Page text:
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Four experiments were conducted to show that deaf adolescents tended to process information in different ways from hearing adolescents. Memorizing items sequentially shown on computer screens under the control of their articulators' movements, deaf adolescents tended to treat items that cohered as taxonomic, thematic, or slot-filler categories as isolated(More)
Inspired by research by Li, Yi, and Kim (2011), the authors examined Chinese deaf and hard of hearing adolescents' responses to pictures for taxonomic categories of basic level (exemplar pictures) preceded by exemplar pictures, and to written words for taxonomic categories of basic level (exemplar words) preceded by exemplar words or by written words for(More)
Individuals' relative awareness of thematic and taxonomic relations is influenced by factors such as language and background knowledge. Relatively weak in Korean language skills and also having relatively limited social opportunities, Korean deaf adolescents might be different from hearing adolescents in how they make decisions in taxonomically and(More)
Deaf college students seem to have relatively stronger associations from words for taxonomic categories of basic (e.g., snake) to those of super-ordinate (e.g., reptiles) level than vice versa compared with hearing students in word association (Marschark, Convertino, McEvoy & Masteller, 2004). In deciding whether two sequentially presented words for(More)
To separate the contribution of phonological from that of visual-orthographic information in the recognition of a Chinese word that is composed of one or two Chinese characters, we conducted two experiments in a priming task of semantic categorization (PTSC), in which length (one- or two-character words), relation, prime (related or unrelated prime-target(More)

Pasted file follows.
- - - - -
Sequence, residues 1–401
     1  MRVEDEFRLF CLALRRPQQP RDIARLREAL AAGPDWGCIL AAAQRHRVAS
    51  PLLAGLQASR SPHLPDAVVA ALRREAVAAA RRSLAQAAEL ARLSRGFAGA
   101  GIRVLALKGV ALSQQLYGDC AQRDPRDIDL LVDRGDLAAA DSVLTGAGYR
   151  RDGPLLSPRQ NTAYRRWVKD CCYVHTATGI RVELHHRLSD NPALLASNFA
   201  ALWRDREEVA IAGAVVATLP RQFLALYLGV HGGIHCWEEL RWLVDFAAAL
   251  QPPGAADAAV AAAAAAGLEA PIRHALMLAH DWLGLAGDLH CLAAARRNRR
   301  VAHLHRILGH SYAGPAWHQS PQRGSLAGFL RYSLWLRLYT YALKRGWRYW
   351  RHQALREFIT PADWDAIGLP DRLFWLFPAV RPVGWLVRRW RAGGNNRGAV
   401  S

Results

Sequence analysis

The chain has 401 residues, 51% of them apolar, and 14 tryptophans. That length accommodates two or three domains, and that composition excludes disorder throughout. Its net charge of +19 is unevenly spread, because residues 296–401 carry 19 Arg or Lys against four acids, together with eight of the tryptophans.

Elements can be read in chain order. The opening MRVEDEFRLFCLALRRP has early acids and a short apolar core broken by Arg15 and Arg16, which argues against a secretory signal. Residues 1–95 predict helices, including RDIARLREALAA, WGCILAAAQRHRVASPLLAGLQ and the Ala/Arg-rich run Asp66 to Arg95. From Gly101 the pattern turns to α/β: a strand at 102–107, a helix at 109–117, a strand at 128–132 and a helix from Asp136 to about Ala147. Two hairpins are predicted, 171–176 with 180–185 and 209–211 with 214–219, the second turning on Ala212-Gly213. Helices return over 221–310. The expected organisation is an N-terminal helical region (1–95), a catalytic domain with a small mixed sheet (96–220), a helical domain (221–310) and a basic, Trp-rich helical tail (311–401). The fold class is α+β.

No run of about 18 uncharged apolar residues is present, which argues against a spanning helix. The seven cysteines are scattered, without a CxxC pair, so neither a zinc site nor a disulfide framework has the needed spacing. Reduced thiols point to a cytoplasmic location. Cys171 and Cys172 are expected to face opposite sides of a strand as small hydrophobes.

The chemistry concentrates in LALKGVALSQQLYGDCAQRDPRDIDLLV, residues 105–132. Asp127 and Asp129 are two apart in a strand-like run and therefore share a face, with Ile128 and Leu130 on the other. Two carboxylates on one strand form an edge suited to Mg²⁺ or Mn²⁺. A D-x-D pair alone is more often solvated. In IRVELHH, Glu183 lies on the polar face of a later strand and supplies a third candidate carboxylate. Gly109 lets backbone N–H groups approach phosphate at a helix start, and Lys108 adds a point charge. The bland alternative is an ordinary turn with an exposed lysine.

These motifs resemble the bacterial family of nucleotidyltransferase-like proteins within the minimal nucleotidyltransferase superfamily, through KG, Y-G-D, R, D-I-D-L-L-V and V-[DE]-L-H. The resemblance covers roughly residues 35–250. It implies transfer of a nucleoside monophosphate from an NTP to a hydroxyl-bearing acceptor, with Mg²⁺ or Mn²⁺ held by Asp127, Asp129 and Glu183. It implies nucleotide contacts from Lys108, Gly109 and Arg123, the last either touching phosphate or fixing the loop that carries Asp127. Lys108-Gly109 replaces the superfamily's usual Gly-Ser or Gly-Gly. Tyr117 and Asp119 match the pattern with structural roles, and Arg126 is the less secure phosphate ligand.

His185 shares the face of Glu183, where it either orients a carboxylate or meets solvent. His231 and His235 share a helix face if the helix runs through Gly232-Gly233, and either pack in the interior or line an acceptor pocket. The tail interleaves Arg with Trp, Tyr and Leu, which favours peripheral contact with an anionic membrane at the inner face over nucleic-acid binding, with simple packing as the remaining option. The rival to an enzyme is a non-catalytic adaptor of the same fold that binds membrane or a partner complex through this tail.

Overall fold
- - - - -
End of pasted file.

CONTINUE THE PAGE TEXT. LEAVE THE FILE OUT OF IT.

Two experiments investigated Chinese deaf and hard of hearing (DHH) adolescents' recognition of category names in an innovative task of semantic categorization. In each trial, the category-name target appeared briefly at the screen center followed by two words or two pictures for two basic-level exemplars of high or middle typicality, which appeared briefly(More)
The most important forms of idioms in Chinese, chengyus (CYs), have a fixed length of four Chinese characters. Most CYs are joined structures of two, two-character words-subject-verb units (SVs), verb-object units (VOs), structures of modification (SMs), or verb-verb units-or of four, one-character words. Both the first and second pairs of words in a(More)